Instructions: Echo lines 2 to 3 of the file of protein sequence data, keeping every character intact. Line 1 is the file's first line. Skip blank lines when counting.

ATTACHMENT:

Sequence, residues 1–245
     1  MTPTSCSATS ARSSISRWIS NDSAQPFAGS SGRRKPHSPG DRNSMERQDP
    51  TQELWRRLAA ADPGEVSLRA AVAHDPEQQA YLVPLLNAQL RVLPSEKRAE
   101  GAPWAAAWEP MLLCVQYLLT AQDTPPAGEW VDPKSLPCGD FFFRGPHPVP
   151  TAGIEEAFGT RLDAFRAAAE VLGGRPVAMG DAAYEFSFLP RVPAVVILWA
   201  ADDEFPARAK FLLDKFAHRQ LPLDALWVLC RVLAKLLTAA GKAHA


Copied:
     1  MTPTSCSATS ARSSISRWIS NDSAQPFAGS SGRRKPHSPG DRNSMERQDP
    51  TQELWRRLAA ADPGEVSLRA AVAHDPEQQA YLVPLLNAQL RVLPSEKRAE